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Ex-reporter settles for $235,000 in raid case

Staff writer

Through its insurance company, the City of Marion has agreed to pay former Record reporter Deb Gruver $235,000 to settle a portion of the first of five federal lawsuits filed after police and sheriff’s deputies raided the Record newsroom and two homes Aug. 11, the Record learned Tuesday.

Gruver’s suit alleged that Gideon Cody, who presided over the raids as Marion’s police chief, aggravated an injury to one of her fingers when he illegally yanked her personal cell phone out of her hand during the raid.

Police body cameras recorded Cody violently jerking her phone away. They also later recorded Cody bragging to Sheriff Jeff Soyez about how taking her phone “made my day.”

Gruver had not been involved in obtaining records, later acknowledged to be open public documents that sparked the raid. According to her suit, her personal phone was not covered by search warrants that later were rescinded as insufficient.

The settlement agreement, dated June 25, includes a confidentiality clause in which the city and Gruver agree not to disclose the amount of the settlement nor to make any public comments about the case other than “the matter was resolved in a mutually agreeable manner.”

A copy of the agreement was obtained after the Record initiated a request under the Kansas Open Records Act. The request cited a 1993 attorney general opinion that confidentiality clauses violated the act.

A copy of the agreement was provided Tuesday morning by associate counsel Scott Ufford of the Wichita law firm McDonald Tinker, which represents the city’s insurance company in Gruver’s suit. The suit was brought against Cody as an individual, not against the city. However, the city’s liability insurance covers actions by employees.

Monday night, Ufford briefed city council members during a 15-minute closed-door session. Mayor Mike Powers announced afterward that no action had been taken.

The opinion cited by the Record states that closed sessions may be used to discuss settlements but that approval of them must be made in open session under the Kansas Open Meetings Act. To date, the council has not taken any public votes regarding the settlement.

Gruver resigned from the Record two days after Cody was suspended and two days before he submitted his resignation last October.

“I’ve been having — whether anyone understands it or not — a lot of anxiety about being in Marion,” she wrote in her resignation letter.

Gruver, now between jobs while starting a new business, earlier had warned that she might be leaving because she no longer felt comfortable working in Marion, where some residents didn’t seem to appreciate the journalism that she and the Record had been attempting to provide.

In a letter to the editor after her resignation, she expressed concern how officer Zach Hudlin had been promoted to interim chief despite having exceeded the scope of the later disavowed search warrants by rifling through her desk drawers to find investigative notes on Cody’s questionable record as a Kansas City police captain.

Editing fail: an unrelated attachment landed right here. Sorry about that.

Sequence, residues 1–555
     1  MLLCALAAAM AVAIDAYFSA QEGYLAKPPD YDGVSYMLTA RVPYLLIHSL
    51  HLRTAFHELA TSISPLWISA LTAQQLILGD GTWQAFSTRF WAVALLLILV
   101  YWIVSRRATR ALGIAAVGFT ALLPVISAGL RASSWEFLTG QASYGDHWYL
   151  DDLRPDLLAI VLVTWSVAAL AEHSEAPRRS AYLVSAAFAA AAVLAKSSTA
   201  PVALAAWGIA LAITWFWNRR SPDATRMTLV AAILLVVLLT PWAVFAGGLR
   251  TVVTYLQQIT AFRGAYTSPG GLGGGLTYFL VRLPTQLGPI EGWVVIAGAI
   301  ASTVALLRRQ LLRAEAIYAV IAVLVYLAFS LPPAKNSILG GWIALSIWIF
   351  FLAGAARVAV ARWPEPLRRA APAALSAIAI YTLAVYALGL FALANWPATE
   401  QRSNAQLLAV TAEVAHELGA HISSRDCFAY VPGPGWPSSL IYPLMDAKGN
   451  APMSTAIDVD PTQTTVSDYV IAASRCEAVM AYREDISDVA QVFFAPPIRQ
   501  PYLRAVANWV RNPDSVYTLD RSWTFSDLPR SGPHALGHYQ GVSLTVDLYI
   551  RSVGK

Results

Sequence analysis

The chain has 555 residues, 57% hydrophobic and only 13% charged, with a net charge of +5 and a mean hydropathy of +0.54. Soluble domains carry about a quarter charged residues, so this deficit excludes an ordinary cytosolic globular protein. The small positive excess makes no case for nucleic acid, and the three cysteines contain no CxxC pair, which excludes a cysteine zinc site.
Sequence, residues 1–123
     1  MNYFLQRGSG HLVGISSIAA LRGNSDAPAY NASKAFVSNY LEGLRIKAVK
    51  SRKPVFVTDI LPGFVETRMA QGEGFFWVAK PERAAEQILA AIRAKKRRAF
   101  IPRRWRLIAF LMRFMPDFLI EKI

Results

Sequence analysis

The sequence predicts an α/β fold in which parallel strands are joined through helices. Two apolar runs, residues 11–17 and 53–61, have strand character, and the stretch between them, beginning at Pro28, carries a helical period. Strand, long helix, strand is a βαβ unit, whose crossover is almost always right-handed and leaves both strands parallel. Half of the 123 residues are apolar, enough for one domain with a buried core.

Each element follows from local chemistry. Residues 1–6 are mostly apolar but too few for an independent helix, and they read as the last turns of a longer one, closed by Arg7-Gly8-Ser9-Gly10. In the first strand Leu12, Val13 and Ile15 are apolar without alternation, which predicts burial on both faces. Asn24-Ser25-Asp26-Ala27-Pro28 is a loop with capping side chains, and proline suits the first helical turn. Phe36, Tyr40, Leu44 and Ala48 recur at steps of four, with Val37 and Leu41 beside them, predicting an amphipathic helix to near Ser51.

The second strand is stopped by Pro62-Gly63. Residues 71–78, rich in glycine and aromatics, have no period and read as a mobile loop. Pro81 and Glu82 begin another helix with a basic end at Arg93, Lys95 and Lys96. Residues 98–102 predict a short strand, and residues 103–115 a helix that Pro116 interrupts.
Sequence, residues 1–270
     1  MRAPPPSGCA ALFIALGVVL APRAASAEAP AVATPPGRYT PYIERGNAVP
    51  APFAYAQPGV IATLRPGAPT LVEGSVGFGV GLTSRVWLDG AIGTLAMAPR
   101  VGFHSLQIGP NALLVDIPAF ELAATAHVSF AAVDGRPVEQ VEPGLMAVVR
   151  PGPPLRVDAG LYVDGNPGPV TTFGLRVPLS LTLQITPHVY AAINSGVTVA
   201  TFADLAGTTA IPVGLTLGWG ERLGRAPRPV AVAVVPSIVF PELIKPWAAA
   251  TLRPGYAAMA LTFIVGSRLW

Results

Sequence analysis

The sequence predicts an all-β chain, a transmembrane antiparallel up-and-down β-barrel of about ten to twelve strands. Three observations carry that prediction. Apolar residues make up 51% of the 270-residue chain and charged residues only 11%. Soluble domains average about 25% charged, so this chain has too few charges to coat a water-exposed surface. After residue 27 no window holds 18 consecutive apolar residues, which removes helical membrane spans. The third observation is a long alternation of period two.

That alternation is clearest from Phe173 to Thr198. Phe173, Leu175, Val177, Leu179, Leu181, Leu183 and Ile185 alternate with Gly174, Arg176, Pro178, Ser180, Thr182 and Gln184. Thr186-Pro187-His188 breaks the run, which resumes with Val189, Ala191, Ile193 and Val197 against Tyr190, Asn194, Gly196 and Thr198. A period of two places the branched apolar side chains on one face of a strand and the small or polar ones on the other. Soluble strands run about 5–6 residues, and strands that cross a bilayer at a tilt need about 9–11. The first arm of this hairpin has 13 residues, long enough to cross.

She also was critical of council member Zach Collett for scolding her for looking into Cody’s background and for “punishing” her afterward by refusing to answer questions.

“I no longer wanted to work in a town where the majority of ‘leaders’ clearly don’t respect the Fourth Estate or the U.S. Constitution,’ she wrote.

Unlike other suits filed after the raid, Gruver’s named only Cody, not any other city officials. In agreeing to the settlement, she relinquished current or future claims against not only Cody but also the city and its current, future, and former employees, elected officials, and insurers.

Another portion of her suit, alleging damages by Sheriff Soyez and County Attorney Joel Ensey, remains in place.

The agreement makes Gruver responsible for all her expenses, legal fees, taxes, and damages that might later become apparent. It also states that it is “a compromise of disputed claims and shall never, at any time, be considered an admission of liability or responsibility on the part of the parties herein released, and said parties continue to deny such liability and to disclaim such responsibility and intend merely to avoid litigation.”

Soyez and Ensey, both of whom were involved in preparing for the raids, are specifically excluded from the release.

In addition to Gruver’s suit against them, still pending in federal court are suits filed by Record reporter Phyllis Zorn, Record business manager Cheri Bentz, Record co-owner and publisher Eric Meyer, and former vice mayor Ruth Herbel. Meyer’s suit also is on behalf of Hoch Publishing and the estate of his mother, Joan Meyer, who died of stress a day after her home was raided.

Those suits allege, among other things, that David Mayfield, Marion’s mayor at the time, was a key player in a conspiracy against the newspaper and Herbel.

Two special prosecutors also continue to look into possible charges detailed in more than 1,600 pages of investigative documents by the Kansas Bureau of Investigation plus an additional report from the Colorado Bureau of Investigation.

Last modified July 6, 2024

 

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